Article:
Maintain your composure and lead well. Collaborate with your team to find the right solution for everyone.

5. A Good Project Manager Delegates Well

Why is delegating well important? A project manager can achieve more. You may be able to slide into the role and contribute for a little while, but eventually, the demands for your time will overwhelm you.

In fact, you will achieve more if you empower people the right away.

“The upper limit of what’s possible will increase only with each collaborator you empower to contribute their best work to your shared priorities. Likewise, your power decreases with every initiative you unnecessarily hold on to,” notes Jesse Sostrin of PwC in the Harvard Business Review.

To that end, a manager will know the strengths and weaknesses of the people they manage and then utilize and deploy their strengths for increased output.

Using a project management tool like ClickUp helps you delegate with its transparency, reporting, details and commenting feature. And its hierarchy is user-friendly–robust enough for cross-functional teams, but with privacy sharings that can be customized for managers or only select contributors.

6. A Good Project Manager Prioritizes Work

Every item can’t be priority number one. By its very definition, something has to fall to number two. A good project manager will understand how to prioritize the work for the team and then make the right choice.

The key here? Understand the urgent vs. important and cut out the noise. A sponsor or project stakeholder may yell about ASAP, but a good project manager keeps calm and knows how to prioritize what is most important.

Why is this important? Because important tasks add value. It’s the value of the Eisenhower matrix. The Eisenhower matrix is a quadrant-based system where tasks are separated by their importance and value.

After understanding the importance and value of each task, a good project manager will estimate the time involved for each and then rank them by importance from there.

7. A Good Project Manager Collaborates and Listens

At first, I listed “collaboration” and “listening” as two separate skills, but honestly, these two are inseparable.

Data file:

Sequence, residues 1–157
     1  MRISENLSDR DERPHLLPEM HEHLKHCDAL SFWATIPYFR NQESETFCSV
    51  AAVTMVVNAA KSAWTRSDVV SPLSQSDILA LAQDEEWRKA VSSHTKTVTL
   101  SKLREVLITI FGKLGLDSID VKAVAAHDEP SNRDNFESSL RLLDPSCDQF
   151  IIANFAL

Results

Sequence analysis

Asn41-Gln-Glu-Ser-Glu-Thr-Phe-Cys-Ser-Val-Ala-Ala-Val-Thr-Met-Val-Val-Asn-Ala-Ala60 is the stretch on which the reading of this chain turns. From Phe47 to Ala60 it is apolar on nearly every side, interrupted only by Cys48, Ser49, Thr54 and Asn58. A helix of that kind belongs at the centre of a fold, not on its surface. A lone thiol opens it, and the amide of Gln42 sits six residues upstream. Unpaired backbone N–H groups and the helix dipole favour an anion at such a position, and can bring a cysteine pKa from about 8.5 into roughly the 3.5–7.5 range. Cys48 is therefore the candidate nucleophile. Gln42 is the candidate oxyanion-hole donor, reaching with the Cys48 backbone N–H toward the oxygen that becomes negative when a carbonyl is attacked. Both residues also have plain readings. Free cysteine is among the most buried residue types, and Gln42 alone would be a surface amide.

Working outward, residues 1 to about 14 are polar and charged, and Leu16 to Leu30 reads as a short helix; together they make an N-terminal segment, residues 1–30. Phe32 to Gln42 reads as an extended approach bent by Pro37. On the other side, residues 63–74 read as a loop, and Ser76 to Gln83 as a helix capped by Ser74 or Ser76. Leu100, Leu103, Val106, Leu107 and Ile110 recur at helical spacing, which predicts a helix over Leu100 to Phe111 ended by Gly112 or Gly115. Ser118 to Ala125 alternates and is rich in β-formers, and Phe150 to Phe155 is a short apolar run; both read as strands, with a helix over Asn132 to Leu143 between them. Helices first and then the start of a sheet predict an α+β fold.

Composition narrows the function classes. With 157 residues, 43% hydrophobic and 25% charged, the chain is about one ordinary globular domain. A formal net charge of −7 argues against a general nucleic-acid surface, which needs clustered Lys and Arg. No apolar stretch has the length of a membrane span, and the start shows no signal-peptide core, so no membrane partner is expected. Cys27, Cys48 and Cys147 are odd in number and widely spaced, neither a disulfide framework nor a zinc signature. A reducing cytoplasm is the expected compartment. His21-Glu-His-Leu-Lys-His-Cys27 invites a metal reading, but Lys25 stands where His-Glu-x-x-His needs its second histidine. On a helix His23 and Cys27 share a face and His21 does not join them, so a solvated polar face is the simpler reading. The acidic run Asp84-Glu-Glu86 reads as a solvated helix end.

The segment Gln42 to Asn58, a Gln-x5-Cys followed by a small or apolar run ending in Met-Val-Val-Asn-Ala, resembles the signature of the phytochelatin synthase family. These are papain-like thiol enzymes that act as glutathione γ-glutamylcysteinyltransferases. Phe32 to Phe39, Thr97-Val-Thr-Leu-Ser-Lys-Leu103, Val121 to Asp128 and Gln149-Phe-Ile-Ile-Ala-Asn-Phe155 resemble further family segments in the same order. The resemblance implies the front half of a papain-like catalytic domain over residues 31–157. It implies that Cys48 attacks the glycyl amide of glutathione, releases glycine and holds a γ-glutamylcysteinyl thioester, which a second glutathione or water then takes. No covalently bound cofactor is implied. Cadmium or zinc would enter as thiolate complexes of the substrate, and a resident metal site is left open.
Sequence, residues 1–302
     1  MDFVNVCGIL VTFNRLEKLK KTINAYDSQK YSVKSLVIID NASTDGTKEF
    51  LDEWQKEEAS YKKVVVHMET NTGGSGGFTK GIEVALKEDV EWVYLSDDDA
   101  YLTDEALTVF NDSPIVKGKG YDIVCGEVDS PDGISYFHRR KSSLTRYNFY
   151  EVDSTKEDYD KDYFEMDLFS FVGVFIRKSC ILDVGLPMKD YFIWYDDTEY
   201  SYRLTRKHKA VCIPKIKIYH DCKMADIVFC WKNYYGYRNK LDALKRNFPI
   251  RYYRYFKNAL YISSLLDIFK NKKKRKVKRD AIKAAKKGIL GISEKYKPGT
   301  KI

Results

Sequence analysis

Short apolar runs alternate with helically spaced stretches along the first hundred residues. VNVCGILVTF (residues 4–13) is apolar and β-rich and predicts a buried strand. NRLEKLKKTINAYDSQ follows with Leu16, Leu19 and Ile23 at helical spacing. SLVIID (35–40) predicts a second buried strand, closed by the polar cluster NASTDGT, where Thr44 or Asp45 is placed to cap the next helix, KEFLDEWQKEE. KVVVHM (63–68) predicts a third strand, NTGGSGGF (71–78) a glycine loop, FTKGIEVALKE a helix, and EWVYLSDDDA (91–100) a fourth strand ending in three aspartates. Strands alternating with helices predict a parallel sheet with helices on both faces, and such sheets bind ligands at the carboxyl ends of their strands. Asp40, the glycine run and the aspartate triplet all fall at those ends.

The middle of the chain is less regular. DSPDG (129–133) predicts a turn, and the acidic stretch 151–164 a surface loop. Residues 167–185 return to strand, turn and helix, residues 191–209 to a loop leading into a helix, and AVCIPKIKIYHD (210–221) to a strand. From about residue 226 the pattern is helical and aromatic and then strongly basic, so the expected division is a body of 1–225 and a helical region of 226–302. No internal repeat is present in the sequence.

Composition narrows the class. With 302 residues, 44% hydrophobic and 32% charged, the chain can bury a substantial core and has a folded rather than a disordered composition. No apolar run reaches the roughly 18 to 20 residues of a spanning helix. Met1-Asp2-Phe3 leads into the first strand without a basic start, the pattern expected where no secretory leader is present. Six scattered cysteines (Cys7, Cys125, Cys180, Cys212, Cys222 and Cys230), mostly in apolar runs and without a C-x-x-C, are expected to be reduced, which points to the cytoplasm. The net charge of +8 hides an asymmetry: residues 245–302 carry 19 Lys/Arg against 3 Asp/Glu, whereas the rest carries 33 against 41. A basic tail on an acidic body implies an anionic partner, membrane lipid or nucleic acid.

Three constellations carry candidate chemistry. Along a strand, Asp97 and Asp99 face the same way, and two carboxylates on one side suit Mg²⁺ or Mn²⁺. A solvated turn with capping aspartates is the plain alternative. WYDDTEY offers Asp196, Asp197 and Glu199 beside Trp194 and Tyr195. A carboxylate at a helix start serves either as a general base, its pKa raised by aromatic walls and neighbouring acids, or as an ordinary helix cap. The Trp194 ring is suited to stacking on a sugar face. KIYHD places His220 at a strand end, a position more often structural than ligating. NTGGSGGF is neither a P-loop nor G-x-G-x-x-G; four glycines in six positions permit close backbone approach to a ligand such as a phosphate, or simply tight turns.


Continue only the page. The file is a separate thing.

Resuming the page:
So Vanilla Ice got something right.

Collaborate is working jointly and to do that successfully, active listening is imperative. You can’t collaborate without listening and seeking to understand.

If you’re working with a dev project team and the code is breaking down or can’t pass QA, you will want to evaluate the situation before jumping to a conclusion. The initial question or two may not get you to the exact answer you need–instead, you may have to use different approaches to find the solution.

Working together helps you try new things, experiment and find a solution forward.

A good project manager will encourage this team collaboration and create an uplifting environment, rather than isolating each person in their own silo.

Good tools–like ClickUp and these other online collaboration tools–can help you get that work done.

By having a transparent set of projects and tasks, team members can see what they need to do and the dates that they need to have them done by. Good collaboration tools should foster productivity, not detract from it.

8. Don’t forget personal time management:

In addition to the project management skills listed above, above all else, time management may be of most importance. Personal time management techniques could be the top deciding factor in your project.

How you structure and conduct your own day, your to-do lists and meetings all impact the amount of time you and your team members need to do the project.

Plan your time wisely.

These time management tips and techniques will help:


Effective project managers know what it takes to elevate a ho-hum project to a truly successful project. This takes a mix of soft skills, management, and leadership, along with the right technical skillset to prioritize work and make the right decisions.